Diversity, equity and inclusion have been brought into sharper focus in recent months. Although this focus on DEI may feel new for some, the Broad College and MSU have had an advocate for DEI for many years.

Bright image of Matthew Anderson, associate professor of accounting and information systems, seated and his PhD Project award on the table beside him.

Matthew Anderson, associate professor of accounting and information systems

Matthew Anderson, associate professor of accounting and information systems, has an unwavering commitment to education and DEI, both within and beyond the Broad College. He was recently inducted to the Ph.D. Project Hall of Fame, recognizing his work on a national level.

“Induction into the Hall of Fame is a highly significant and critically important honor, but as part of a process, not as the culmination,” Anderson said. “DEI is my life, so this represents a significant degree of external validation. Involvement with the Ph.D. Project is a critical part of my life and an important priority statement.”

The Ph.D. Project, started by the KPMG Foundation, is aimed at diversifying faculty in business schools across the country. After attending the project’s formative meeting in 1994, Anderson has been involved in a variety of ways, attending nearly every event and serving as a keynote speaker, faculty mentor and university recruiting representative.

“We are so pleased that Dr. Anderson’s contributions are being recognized nationally by KPMG and the Ph.D. Project,” Chris Hogan, chairperson of the Department of Accounting and Information Systems and Russell E. Palmer Endowed Professor of Accounting, said. “Dr. Anderson’s unwavering commitment to increasing the diversity of faculty, and the inspiration and support he has provided to so many on their journeys to becoming professors, has made a significant difference nationally as well as at the Broad College and MSU.”

This honor for Anderson completes a circle of recognition for his work in the DEI area, including receiving MSU’s Excellence in Diversity Award in 2003, being selected as the inaugural winner of the Ernst & Young Inclusive Excellence Award in 2009 and receiving the Jason Richardson Foundation “Saluting Greatness” award, based on service to the teaching profession and diversity and inclusion efforts, in 2012.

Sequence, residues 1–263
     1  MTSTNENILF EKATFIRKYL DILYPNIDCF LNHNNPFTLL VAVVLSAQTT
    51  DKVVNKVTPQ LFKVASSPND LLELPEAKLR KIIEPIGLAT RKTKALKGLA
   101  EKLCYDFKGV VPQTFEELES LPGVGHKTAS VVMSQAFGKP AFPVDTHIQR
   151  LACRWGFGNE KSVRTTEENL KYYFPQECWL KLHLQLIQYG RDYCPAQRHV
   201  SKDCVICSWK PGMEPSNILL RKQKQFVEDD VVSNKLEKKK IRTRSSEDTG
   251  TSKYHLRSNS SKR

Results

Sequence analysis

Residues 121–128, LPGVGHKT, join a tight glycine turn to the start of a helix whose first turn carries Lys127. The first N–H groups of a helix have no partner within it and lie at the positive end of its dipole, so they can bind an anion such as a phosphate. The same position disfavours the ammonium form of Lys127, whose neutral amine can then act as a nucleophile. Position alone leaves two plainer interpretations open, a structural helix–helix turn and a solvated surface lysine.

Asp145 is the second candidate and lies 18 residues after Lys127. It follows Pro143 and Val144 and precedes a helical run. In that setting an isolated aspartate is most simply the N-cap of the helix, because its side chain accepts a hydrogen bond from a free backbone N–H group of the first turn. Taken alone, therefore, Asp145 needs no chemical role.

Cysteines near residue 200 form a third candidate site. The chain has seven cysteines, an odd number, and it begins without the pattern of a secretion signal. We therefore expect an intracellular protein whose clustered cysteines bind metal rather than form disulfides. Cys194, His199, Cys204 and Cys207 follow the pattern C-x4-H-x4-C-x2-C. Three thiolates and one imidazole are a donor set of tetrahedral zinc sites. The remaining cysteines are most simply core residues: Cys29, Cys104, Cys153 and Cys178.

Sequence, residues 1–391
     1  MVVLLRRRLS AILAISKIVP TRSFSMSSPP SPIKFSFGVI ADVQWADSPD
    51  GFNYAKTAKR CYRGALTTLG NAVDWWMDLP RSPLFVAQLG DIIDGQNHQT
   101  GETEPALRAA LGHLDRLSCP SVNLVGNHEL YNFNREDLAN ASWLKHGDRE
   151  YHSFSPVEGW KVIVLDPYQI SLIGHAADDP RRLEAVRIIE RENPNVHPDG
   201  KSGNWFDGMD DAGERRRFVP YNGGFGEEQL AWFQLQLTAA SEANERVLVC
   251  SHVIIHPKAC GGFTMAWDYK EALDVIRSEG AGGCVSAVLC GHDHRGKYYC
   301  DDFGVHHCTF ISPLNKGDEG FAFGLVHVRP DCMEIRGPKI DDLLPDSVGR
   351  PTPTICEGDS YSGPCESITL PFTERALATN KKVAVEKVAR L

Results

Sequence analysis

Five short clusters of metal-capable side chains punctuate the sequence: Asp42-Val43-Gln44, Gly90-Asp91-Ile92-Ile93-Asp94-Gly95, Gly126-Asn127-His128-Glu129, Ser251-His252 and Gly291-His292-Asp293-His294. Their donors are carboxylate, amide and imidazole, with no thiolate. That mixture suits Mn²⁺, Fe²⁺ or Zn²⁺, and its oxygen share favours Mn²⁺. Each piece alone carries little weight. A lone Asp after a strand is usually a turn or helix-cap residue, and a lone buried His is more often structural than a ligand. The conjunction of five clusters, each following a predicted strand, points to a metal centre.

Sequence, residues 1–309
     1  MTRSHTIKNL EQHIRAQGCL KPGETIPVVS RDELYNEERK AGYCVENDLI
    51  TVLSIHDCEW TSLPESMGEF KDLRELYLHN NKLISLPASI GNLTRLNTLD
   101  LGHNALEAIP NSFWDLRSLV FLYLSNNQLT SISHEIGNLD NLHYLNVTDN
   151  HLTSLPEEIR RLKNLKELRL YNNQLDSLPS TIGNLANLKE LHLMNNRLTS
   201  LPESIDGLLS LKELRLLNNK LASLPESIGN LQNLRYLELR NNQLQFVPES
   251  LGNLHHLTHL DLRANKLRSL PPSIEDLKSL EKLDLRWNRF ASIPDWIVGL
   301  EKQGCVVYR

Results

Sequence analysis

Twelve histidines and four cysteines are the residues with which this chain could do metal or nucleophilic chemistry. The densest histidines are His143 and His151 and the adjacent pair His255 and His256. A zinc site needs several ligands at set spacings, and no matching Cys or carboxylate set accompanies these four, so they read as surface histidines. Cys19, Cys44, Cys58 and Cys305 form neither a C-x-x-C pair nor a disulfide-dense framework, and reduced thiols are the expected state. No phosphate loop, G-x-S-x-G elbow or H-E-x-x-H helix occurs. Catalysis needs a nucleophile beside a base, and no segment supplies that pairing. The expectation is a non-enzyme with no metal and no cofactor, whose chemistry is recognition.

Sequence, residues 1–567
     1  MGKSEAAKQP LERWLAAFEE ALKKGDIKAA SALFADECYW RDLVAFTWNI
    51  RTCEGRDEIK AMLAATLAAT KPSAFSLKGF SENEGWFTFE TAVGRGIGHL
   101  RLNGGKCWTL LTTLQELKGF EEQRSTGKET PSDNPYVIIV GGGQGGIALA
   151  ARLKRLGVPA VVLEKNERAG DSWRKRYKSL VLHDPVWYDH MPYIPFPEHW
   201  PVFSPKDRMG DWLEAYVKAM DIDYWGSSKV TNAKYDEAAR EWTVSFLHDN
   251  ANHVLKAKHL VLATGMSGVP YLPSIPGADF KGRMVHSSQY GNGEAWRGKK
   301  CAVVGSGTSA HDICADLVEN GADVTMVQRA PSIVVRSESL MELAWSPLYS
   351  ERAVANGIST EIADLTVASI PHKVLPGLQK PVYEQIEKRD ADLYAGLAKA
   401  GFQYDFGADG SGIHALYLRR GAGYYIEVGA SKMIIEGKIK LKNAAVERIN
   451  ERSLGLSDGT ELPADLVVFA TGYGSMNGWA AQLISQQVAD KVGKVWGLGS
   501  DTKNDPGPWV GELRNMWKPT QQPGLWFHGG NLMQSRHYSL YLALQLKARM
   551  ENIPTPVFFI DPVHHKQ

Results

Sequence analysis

In 1993, Anderson was the first person of color to serve as the director of the Broad College’s doctoral accounting program and the first to do so at a research university nationally. As director, Anderson helped MSU lead the country in recruiting women and people of color for doctoral accounting education. He also served as the associate dean for diversity, equity and inclusion and a faculty excellence advocate with Broad from 2010 to 2014.

Before his time as an involved faculty member, Anderson attended MSU as a Broad student, graduating with an MBA in 1978 and a Ph.D. in 1982. Today, he serves as senior advisor to the dean for DEI and continues to serve as a faculty excellence advocate, helping to increase the recruitment and hiring of underrepresented minorities and women on the Broad College’s faculty.

“My inspirations include my father, who wanted to be known as a ‘bully boy’ — willing to fight for what he believed in — and Dr. Martin Luther King, who aspired to be a drum major for justice,” Anderson said. “Michigan State is a unique place that has afforded me the opportunity to develop these themes and other opportunities beyond my initial aspirations. Nonetheless, the work continues, and, like all Spartans — I will.”

There’s no question about it: Anderson truly represents the Spartan spirit, advancing the common good in uncommon ways. His recognition is well deserved, and his work will have a lasting impact on the Broad College and MSU.